Financial Volume Index And Volume Analysis
by Patrick Cifaldi, C.M.T.
In technical analysis, the study of volume is one of the most overlooked and underrated disciplines. In
the general study of the supply and demand of markets, only two pieces of data are recordable: One is
price data, while the other is volume data. Open interest is regarded by some as a third, but in many ways
it is really a record of the outstanding potential volume. But most articles and research written and
performed relates only to price analysis. Such an oversight is not unlike designing a great
automobile—without engineering the engine.
THE LONELY DISCIPLINE
Some disciplines disregard volume analysis altogether. Theoretically, Gann analysis, the Elliott wave
principle and Fibonacci ratios are three such disciplines. Such studies do produce positive results and add
a structure to the very unstructured world of market analysis. In no way am I implying that these studies
are unimportant; the true masters of such studies incorporate many tools in their work, including volume.
Volume studies do have their heroes: Analysts such as L.M. Lowry, whose analysis of volume data in the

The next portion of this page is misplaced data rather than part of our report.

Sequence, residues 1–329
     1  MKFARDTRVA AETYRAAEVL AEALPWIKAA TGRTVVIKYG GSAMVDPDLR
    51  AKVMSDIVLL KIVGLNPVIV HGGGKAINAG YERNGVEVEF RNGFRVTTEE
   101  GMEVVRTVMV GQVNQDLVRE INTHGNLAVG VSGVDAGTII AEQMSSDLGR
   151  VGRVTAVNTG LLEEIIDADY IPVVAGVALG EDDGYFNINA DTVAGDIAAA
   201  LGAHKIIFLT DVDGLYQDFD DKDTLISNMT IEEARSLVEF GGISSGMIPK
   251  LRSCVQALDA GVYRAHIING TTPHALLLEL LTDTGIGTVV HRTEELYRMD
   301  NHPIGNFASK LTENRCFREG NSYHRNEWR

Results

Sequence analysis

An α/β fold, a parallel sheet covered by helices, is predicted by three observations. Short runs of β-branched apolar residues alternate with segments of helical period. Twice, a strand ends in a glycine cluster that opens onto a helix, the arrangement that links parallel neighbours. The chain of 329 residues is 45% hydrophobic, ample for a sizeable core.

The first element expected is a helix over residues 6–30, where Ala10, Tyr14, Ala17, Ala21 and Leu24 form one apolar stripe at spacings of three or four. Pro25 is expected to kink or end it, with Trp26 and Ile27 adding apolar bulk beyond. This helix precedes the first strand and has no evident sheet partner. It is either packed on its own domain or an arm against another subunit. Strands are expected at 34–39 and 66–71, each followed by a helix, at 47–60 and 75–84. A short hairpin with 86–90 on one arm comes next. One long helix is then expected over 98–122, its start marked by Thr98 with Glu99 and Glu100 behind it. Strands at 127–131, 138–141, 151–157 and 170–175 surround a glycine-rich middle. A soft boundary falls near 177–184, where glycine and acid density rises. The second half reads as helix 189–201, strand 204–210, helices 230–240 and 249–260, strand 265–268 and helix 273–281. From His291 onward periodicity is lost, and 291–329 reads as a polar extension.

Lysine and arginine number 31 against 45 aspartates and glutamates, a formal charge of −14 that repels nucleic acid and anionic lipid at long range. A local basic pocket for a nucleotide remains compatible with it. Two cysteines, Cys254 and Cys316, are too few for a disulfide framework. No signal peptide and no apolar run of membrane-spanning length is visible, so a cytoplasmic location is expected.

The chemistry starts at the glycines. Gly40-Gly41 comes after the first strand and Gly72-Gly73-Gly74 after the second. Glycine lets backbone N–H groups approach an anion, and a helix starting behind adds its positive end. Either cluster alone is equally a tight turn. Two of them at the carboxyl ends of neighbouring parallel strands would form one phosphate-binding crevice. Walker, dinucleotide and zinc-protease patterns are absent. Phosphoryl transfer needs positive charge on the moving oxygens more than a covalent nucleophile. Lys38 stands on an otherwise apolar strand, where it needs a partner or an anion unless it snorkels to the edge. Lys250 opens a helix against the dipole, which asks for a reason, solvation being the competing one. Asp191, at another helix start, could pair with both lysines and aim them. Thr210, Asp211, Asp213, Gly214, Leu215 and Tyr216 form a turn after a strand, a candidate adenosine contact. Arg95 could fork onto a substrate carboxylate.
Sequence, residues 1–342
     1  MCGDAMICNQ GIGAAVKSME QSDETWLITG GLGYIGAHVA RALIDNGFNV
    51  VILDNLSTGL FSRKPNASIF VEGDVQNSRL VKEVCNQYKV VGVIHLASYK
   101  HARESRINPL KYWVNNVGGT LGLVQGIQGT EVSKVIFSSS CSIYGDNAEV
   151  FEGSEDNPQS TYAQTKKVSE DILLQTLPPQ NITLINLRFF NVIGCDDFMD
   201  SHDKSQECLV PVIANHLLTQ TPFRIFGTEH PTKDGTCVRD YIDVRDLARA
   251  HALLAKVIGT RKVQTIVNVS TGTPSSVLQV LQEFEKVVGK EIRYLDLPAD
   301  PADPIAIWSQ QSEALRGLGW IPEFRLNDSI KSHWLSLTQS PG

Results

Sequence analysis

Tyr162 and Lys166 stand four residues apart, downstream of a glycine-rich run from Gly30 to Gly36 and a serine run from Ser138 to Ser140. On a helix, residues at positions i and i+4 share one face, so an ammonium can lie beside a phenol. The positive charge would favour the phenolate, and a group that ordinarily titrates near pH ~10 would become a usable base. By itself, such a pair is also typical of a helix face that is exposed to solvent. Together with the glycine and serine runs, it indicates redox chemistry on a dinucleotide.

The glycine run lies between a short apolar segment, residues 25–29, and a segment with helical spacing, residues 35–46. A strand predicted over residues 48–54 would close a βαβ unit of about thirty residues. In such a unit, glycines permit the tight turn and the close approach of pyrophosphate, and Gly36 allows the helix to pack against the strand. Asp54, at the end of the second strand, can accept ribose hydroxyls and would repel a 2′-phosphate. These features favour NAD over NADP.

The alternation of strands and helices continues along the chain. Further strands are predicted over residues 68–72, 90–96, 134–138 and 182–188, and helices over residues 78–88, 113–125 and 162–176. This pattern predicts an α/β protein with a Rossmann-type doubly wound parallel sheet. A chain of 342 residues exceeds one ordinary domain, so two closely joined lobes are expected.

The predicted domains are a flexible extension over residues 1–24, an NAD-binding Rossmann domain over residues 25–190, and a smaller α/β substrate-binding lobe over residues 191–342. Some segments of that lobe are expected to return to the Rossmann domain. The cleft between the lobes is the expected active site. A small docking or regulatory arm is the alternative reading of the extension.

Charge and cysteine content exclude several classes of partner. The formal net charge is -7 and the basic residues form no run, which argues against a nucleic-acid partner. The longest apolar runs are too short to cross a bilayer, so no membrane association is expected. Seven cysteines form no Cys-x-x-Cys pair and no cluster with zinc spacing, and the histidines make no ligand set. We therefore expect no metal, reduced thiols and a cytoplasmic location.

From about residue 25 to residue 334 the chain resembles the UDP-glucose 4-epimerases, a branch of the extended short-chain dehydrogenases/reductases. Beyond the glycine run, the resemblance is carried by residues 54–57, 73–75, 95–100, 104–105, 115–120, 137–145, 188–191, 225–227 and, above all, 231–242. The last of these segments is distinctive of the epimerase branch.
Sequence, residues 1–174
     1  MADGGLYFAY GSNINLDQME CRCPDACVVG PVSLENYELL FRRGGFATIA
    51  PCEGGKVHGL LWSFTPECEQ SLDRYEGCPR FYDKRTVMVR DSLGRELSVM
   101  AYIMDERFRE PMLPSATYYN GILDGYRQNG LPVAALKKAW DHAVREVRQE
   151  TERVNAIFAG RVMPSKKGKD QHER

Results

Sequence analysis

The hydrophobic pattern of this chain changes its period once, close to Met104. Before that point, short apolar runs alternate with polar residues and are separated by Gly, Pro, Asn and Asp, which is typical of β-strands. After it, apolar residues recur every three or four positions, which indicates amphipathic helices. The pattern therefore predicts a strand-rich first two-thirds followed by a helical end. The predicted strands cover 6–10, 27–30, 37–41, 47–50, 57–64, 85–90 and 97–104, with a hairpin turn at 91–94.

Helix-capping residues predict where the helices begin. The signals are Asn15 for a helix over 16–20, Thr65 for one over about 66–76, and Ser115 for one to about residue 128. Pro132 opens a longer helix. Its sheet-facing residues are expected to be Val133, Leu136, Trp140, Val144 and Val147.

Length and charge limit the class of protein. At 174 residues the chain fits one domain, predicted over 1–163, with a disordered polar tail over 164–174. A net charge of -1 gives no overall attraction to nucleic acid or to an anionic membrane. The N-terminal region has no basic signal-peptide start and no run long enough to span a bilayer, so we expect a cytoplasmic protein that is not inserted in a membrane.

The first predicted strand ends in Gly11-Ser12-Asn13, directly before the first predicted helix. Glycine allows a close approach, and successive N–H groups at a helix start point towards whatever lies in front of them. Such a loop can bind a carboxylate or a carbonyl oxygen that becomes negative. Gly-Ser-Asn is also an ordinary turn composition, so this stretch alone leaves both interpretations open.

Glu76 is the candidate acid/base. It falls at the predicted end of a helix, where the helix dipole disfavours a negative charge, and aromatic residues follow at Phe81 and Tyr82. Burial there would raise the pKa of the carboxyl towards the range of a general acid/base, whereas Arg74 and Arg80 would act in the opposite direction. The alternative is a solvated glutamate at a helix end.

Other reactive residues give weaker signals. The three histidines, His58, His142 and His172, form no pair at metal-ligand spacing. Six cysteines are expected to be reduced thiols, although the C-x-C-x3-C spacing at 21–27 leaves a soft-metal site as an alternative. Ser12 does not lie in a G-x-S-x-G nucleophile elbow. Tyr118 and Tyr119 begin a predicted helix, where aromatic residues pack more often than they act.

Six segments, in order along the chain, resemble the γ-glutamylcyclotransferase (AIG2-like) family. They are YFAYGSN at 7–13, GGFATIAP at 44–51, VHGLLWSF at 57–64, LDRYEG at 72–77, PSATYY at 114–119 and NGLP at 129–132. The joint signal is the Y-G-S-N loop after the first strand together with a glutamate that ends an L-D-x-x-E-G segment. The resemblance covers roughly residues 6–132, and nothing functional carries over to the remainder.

1930s has been used as a foundation tool by many current analysts; Jim Sibbet, who developed the
Demand Index; Marc Chaikin, who developed a method that breaks a period's trading volume down into
how much was up volume and how much was down volume; and Joseph Granville, perhaps the most
famous proponent of volume analysis. His volume analysis methods are so varied that I could not attempt
to summarize his work in this limited space.
These analysts have something in common with other analysts who use volume as an analytical tool; all
attempt to measure the flow of funds in a marketplace. Volume could be compared with the amount of
fuel in an engine. Without volume, or fuel, the market does not move, and if the fuel is plentiful, the
market has the potential to move sharply. The measure of this fuel is the key to analysis.